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Increasing online services only hope for cash strapped councils

Councils aim for dramatic switch to web to provide services to citizens, but lack of integration remains cause for serious concern
With figures released this summer showing councils face up to a 16% reduction in funding from central Government in 2015/16* and an on-going freeze in council tax, research carried out by specialist software house NDL has revealed that three quarters of councils now view increasing the amount of transactions done online as the ‘main focus’ for maintaining or improving service delivery.
The research, which is published in NDL’s ninth annual Integration and Efficiency Report, is compiled from interviews with 270 senior IT staff, which between them represent two thirds of UK local authorities.
Currently the majority (54%) of councils view automated phone systems as the main channel of interaction between councils and citizens while just over a quarter (27%) view the council’s website as fulfilling this role. However, by 2016 respondents predicted a radical shift with almost 70% saying the majority of interactions with the public will be via the council’s website, with just 21% still expecting automated phone systems to be in poll position.
NDL’s managing director, Declan Grogan, commented: “From a cost savings perspective it makes perfect sense for councils to route more interactions with the public via their websites This very much follows the trend set by central government’s Digital by Default initiative, where services which are deemed appropriate are designed to be accessed online first, as is the case with the flagship Universal Credit reform.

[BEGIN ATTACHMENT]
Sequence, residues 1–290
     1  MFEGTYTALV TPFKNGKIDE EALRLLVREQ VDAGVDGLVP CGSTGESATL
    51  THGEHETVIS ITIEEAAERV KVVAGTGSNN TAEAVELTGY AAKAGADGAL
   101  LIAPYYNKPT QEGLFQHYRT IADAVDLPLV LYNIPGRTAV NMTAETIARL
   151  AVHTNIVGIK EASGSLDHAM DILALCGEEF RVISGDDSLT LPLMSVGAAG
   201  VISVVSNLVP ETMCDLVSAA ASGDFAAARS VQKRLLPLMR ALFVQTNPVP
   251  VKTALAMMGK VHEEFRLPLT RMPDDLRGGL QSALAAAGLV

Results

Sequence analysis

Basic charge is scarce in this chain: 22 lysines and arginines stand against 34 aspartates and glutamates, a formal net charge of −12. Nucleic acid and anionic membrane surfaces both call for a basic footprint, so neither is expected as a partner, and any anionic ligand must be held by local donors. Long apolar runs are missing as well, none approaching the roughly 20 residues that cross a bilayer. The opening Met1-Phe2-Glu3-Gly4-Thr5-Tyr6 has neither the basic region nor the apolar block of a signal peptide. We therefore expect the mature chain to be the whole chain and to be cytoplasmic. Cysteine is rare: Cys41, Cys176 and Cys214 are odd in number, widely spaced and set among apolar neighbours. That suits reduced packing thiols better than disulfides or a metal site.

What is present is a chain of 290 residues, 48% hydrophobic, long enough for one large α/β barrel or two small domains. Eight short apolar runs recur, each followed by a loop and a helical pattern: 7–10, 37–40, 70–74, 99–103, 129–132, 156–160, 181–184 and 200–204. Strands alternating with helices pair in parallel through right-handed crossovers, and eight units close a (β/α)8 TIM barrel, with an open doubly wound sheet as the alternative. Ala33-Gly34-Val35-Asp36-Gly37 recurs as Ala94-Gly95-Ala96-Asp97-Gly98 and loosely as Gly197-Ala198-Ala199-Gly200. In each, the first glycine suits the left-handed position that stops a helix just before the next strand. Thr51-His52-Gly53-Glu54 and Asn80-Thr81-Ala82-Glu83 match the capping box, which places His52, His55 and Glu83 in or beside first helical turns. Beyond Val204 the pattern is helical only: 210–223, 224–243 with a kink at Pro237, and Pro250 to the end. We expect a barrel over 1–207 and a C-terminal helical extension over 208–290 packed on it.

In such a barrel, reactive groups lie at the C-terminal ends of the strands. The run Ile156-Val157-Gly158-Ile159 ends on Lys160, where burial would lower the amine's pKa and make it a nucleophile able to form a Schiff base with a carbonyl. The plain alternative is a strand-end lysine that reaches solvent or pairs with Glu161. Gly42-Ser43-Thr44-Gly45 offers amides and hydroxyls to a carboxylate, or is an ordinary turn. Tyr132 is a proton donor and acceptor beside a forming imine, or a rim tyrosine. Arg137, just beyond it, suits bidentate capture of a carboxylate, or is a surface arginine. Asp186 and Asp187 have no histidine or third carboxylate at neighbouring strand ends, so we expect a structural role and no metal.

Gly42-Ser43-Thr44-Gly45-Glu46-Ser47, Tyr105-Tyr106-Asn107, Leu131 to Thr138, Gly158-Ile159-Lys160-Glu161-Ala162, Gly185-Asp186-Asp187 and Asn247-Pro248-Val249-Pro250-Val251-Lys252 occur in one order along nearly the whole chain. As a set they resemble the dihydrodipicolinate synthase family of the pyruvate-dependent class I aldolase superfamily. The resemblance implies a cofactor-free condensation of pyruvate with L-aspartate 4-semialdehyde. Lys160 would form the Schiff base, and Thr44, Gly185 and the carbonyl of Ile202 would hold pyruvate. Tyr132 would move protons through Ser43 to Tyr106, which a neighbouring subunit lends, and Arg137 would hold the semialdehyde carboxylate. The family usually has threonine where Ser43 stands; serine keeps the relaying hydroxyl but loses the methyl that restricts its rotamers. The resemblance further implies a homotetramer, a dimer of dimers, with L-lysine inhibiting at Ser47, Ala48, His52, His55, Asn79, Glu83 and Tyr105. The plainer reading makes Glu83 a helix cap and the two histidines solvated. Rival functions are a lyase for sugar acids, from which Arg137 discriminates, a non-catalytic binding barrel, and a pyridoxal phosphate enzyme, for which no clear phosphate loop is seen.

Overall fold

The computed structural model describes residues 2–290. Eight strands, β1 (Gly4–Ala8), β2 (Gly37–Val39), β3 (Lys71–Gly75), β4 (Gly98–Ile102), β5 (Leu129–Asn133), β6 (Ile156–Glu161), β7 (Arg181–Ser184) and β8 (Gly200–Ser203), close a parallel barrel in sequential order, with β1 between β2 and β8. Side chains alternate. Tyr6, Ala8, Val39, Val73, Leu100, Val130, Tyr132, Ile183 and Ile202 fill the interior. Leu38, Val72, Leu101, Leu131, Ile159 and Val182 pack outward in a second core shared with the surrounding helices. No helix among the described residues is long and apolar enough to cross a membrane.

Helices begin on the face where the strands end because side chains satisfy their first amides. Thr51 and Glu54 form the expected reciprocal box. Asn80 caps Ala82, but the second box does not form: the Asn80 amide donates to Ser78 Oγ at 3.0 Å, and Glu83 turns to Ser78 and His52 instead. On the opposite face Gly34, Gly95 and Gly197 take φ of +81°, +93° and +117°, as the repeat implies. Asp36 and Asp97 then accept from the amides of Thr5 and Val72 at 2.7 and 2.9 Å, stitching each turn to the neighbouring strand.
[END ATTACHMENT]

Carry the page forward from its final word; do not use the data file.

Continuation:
“In this sense, this prediction of a radical shift isn’t surprising, but for it to become a reality, and for service delivery to be improved it is vital that councils’ websites are properly integrated with wider IT systems. The signs are that IT experts, whose opinions feature in our report, know this but there is still an enormous way to go in implementing full scale integration.”
Almost 90% of senior IT personnel surveyed recognise that lack of integration is a barrier to delivering services via online channels.  A substantial majority (70%) of those questioned believe that the link between the front end of a council’s website and back-office systems will be provided by Customer Relationship Management (CRM) systems, but generally speaking CRM systems are themselves poorly integrated.
The report reveals that a third of councils still integrate less than 10% of CRM services with back-office systems and 81% of councils integrate less than half of services, so it’s hardly surprising that over 70% of councils say re-keying data gathered by CRM systems is ‘common practice’. Almost 40% of authorities re-key more than half of the data gathered.